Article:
Three years ago, I traveled to China and adopted Yang Chun Ji (now Cristina Chun Ji Valdes) from Yangchun, Guangdong (Canton) China. Cristina is now four years old.

I am a single mother and my adoption was facilitated through a non-profit agency in Indiana named Families thru International Adoption. The process took 22 months in total and those 22 months were the hardest 22 months of my life. During the time I was waiting, there was talk that China was closing the doors to single parent adoptions. It is was speculated, but never really documented, that the Chinese government had discovered that many homosexuals in the United States were adopting from China because the laws in the United States did not allow them to. Because of this, I had to have friends and relatives write letters and I had to sign affidavits attesting to the fact that I was not a homosexual. My social worker had to include verbiage in my home study about my relationships with men and the reason why I never married.

Consequently, China has adopted quota for single parent adoptions and will only allow less than two percent of the adoptive population to be to single parents. They have raised the standard for single parents to be college educated and have a higher than average income. It is now very difficult for a single parent to adopt a child from China.

Fortunately, I have been approved and am currently in the process of adopting a second daughter.

The parent of some girls that came from the same orphanage in Yangchun, China maintain an internet e-list to keep our daughters in touch with each other. Last year we held a reunion in Williamsburg, VA and 100 girls, and their families, from all parts of the US, Canada and Europe attended. These girls ranged from as young as one and a half years to age nine. Our group was able to bring the orphanage director from China (accompanied by a party official) to attend the reunion. It was a wonderful experience to see all these girls, who had most probably been abandoned by families in search of a son, living the American lifestyle and definitely living an existence better than the boys they were given up for.

My daughter, Cristina, is growing up as a happy, dancing, multi-lingual Chinese Cuban American in Miami, FL. She loves her abuelo and abuela, her extended family of cousins, uncles and aunts, dim sum and frijoles negros, and Disney World. The American Dream came true for one of China's unwanted girls.



Back to Adoption Stories


American RadioWorks |
teaching-teachers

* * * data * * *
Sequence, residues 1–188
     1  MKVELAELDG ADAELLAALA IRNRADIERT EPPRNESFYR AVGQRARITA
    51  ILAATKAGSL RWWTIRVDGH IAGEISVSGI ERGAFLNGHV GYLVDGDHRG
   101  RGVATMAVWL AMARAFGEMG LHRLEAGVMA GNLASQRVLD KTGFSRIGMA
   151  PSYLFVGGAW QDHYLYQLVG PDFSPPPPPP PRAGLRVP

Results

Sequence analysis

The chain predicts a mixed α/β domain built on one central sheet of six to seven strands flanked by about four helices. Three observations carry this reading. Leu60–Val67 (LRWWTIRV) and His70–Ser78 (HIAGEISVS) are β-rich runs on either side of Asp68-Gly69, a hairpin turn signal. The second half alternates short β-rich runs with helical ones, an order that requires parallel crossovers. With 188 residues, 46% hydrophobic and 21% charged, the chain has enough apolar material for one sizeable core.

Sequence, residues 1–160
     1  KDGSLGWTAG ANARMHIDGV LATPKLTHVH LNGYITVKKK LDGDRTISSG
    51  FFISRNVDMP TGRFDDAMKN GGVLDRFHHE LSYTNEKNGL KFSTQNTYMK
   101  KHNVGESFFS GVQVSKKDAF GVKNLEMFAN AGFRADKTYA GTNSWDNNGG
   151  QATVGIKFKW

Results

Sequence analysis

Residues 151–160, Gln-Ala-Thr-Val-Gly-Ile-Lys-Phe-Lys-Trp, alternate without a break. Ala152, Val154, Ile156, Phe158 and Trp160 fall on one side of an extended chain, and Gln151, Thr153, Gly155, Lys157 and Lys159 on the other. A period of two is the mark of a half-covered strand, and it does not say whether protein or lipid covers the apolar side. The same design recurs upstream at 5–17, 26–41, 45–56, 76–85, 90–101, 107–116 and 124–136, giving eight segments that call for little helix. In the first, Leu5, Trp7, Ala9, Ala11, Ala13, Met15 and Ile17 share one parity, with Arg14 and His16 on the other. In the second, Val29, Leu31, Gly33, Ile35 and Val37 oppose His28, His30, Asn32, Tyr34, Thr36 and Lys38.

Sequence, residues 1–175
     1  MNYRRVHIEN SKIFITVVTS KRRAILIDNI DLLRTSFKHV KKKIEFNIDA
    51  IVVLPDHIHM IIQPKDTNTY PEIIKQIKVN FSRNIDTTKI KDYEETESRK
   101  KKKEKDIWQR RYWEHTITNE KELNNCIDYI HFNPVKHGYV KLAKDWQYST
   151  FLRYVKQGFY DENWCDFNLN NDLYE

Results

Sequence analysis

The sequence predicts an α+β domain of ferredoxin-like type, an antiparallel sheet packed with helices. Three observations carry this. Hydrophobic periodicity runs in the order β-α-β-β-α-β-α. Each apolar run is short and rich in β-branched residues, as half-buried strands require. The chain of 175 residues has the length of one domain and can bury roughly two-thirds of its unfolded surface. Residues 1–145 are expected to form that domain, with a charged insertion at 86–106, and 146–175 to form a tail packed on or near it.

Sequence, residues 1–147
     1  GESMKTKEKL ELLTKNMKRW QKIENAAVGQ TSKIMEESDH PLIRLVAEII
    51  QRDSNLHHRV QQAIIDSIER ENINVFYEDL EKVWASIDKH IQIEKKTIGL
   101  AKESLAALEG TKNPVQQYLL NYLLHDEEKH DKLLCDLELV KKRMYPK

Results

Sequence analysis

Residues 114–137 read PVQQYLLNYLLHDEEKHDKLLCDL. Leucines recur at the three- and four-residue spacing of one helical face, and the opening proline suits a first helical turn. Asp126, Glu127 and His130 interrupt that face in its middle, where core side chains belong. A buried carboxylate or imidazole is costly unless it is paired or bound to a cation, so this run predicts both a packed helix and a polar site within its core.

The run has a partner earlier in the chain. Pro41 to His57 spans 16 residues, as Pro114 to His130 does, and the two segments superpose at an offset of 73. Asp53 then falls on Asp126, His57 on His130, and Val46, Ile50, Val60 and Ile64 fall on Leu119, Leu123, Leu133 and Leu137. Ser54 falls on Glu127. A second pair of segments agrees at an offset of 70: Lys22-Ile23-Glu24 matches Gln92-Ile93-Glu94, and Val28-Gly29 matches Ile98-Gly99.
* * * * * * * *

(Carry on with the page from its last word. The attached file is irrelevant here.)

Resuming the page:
Teaching Teachers

Research shows good teaching makes a big difference in how much kids learn. But the United States lacks an effective system for training new teachers or helping them get better once they're on the job. This documentary examines why, and asks what it would take to improve American teaching on a wide scale. We meet researchers who are trying to understand what makes teaching complex, and how to determine whether someone is ready to be a teacher. We also visit U.S. schools that are taking a page from Japan and radically rethinking the way they approach the idea of teacher improvement.

Recent Posts

  • 08.27.15

    An American way of teaching

    In 1993, a group of researchers set out to do something that had never been done before. They would hire a videographer to travel across the United States and record a random sample of eighth-grade math classes. What they found revealed a lot about American teaching.
  • 08.27.15

    Rethinking teacher preparation

    In the United States, teaching isn't treated as a profession that requires extensive training like law or medicine. Teaching is seen as something you can figure out on your own, if you have a natural gift for it. But looking for gifted people won't work to fill the nation's classrooms with teachers who know what they're doing.
  • 08.27.15

    A different approach to teacher learning: Lesson study

    In the United States, we tend to think that improving education is about improving teachers - recruiting better ones, firing bad ones. But the Japanese think about improving teaching. It's a very different idea.
  • 08.27.15

    Thinking about math from someone else’s perspective

    "What you do when you’re teaching is you think about other people’s thinking. You don’t think about your own thinking; you think what other people think. That’s really hard." -Deborah Ball